The bigger your dream, the longer the climb.
And we’re not talking a manicured path fit for the His Royal Highness Prince George of Cambridge.
No, pursuing a dream is a long, ungodly trek fit for a 70s, low-budget sci-fi movie.
Some days the sun so bright and burning that you feel like an egg on a skillet. Others the sleet and wind pelting you so hard you feel like God’s chucking baseballs at your head.
Then when the thorns aren’t cutting you, the snide remarks from friends are. Having a big dream is very offensive to those who are married to comfortable. They will truly want to see you fail so that they can smile at their desk and applaud their wisdom for not chasing their dreams.
Photo by Blunt Criticism – Creative Commons
So many times you’ll want to quit your dream. And rightfully so. You didn’t set out on this journey to die. You’re not a martyr.
But the promise of the view ahead keeps you climbing.
The Point of the Climb
You won’t realize it at the time, but you’re growing strong. Tough. The obstacle that used to stop you at the bottom of the path now an afterthought. You’re learning skills and strategies that make you a better climber. More resilient.
Comfortable is a quicksand. You wouldn’t know how to sit still even if someone drugged you.
Your dream is so close now. You can almost see it. The years of struggle all worth it. You begin to run. And as you turn the last bend, you stop and stare at something that you’re having trouble comprehending.
Road Closed. No Trespassing!
You can’t believe it. The road is boarded up with bricks and wood, barbed wire at the top.
All that for Road Closed?
You start to cry. How can you not?
When You Want to Give Up on Your Dream
You turn around and begin to walk back home. How can you enter back into the old routine after all this? Will people even recognize you?
What will you tell your family — that you came all that way for a dead-end?
People called you an idiot along the way. Apparently they were right.
Road Closed. Road closed. With every step you repeat these two words in your end like a demotivating mantra.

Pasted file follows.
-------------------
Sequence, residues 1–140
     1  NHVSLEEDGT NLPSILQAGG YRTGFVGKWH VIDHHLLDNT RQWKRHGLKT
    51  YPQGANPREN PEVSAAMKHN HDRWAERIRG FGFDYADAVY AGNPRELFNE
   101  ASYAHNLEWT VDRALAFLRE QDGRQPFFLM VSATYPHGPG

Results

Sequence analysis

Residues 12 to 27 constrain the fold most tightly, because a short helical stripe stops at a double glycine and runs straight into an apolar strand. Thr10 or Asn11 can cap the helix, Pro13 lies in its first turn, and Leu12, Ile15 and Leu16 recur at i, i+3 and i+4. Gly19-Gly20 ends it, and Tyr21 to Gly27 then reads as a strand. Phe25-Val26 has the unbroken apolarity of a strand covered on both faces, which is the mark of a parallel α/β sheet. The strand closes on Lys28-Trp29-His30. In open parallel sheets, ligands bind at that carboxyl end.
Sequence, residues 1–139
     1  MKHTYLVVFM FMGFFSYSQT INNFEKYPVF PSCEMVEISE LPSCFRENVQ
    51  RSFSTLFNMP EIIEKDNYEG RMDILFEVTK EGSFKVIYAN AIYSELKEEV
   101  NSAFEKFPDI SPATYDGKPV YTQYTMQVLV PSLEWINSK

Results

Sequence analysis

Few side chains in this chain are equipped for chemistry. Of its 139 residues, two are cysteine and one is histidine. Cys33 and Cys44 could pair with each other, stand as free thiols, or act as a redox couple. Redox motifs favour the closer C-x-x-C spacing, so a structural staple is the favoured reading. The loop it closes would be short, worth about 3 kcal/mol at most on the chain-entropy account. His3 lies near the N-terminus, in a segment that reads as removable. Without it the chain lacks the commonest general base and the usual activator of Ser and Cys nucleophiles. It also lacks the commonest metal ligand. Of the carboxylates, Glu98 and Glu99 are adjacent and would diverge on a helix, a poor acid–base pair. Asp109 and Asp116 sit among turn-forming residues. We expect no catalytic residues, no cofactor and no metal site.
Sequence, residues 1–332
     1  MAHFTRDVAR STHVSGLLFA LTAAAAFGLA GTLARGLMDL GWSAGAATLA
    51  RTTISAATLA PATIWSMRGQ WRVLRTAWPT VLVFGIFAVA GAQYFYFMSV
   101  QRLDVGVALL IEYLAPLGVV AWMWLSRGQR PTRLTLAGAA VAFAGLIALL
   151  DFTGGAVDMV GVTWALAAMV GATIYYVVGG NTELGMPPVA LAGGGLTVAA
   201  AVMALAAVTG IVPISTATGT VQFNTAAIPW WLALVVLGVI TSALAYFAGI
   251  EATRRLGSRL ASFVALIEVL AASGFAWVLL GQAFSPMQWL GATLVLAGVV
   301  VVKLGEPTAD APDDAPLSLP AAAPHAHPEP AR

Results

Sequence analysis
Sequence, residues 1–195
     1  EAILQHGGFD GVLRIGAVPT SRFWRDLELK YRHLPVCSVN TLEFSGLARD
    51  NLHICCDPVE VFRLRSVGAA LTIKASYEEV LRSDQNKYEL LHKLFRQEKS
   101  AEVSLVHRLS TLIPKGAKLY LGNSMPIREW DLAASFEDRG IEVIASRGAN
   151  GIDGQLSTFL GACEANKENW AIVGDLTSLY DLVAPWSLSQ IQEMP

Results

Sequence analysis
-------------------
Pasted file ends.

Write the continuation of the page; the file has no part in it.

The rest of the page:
Road closed. Road closed? Road closed? Road closed! Why is the road closed? How in God’s green earth is the road freaking closed! I didn’t come all this way for Road closed!
I’m not letting that road be closed.
You run back up the hill. You reach the dead-end and you start climbing. You surprise yourself at how quickly you’re scaling this thing. You’re stronger than you realized. All the obstacles you scaled to get here weren’t really obstacles.
The obstacles were preparation for climbing over the dead-ends.
You pull yourself up, barbed wire gashing your hand, but the pain is nothing compared to the view. On top of Road Closed you’ve never been able to see so far in your entire life. You turn around and for the first time you see how far you’ve come. Then your breath really is taken away.
Why We Need “Road Closed”
When I was 25 years old with my first manuscript in the hands of publishers, do you know what scared me the most? That they’d actually say yes. How was I going to help twentysomethings scale walls I didn’t really know how to climb myself?
When finally my debut book 101 Secrets for your Twenties released five years later, I was ready.
You need to stand on the top of Road Closed if you’re going to lead others to do the same.
When you want to give up on your dream, yet you keep climbing – this is the exact moment you’re finally ready for it.
Dead-ends are only dead-ends if you turn around.
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